Chronic treatment with melatonin attenuates serotonergic degeneration in the striatum and olfactory tubercle of zitter mutant rats

Shiuchi Ueda, Shin ichi Sakakibara, Taro Kadowaki, Takuya Naitoh, Koichi Hirata, Kanji Yoshimoto

Research output: Contribution to journalArticlepeer-review

7 Citations (Scopus)

Abstract

The effects of chronic treatment with the antioxidant hormone melatonin on degeneration of serotonergic fibers were studied in the striatum and olfactory tubercle of the zitter rat, which shows a loss-of-function mutation of the glycosylated transmembrane protein attractin. In these animals, serotonergic fibers in the striatum and olfactory tubercle undergo spontaneous and progressive degeneration as a result of abnormal metabolism of reactive oxygen species. Homozygous zitter (zi/zi) rats were provided ad libitum access to drinking water containing melatonin for 9 months (M) after weaning. High-performance liquid chromatography analysis revealed that melatonin treatment significantly increased serotonin in the caudate-putamen, (CPU), nucleus accumbens (NA) and olfactory tubercle (OT). Immunohistochemical staining for serotonin was consistent with the neurochemical data and further demonstrated substantially increased numbers of serotonergic nerve terminals in these areas. Aberrant serotonergic fibers characterized by swollen varicosities (>1 μm in diameter) were observed in the CPU and NA of 10 M zi/zi rats. The number of these fibers decreased after melatonin treatment ended. Furthermore, hyperinnervation of serotonergic fibers was observed in the OT of melatonin-treated zi/zi rats. These results suggest that melatonin protects serotonergic fibers and terminals in zitter rats and/or promotes their neuroplasticity.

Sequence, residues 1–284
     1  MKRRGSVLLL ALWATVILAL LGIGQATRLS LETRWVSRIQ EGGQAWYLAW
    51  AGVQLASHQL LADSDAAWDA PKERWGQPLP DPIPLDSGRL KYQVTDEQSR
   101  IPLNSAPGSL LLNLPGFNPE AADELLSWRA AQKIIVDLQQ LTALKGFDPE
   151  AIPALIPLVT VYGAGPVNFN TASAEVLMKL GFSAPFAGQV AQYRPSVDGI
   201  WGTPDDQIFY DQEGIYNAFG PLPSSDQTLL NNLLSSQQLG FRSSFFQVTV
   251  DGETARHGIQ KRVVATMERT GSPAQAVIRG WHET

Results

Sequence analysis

Original languageEnglish
Pages (from-to)212-216
Number of pages5
JournalNeuroscience Letters
Volume448
Issue number2
DOIs
Publication statusPublished - 2008 Dec 26
Externally publishedYes

Keywords

  • Attractin
  • Melatonin
  • Neuroprotection
  • Oxidative stress
  • Serotonin
  • Zitter rat

ASJC Scopus subject areas

  • Neuroscience(all)

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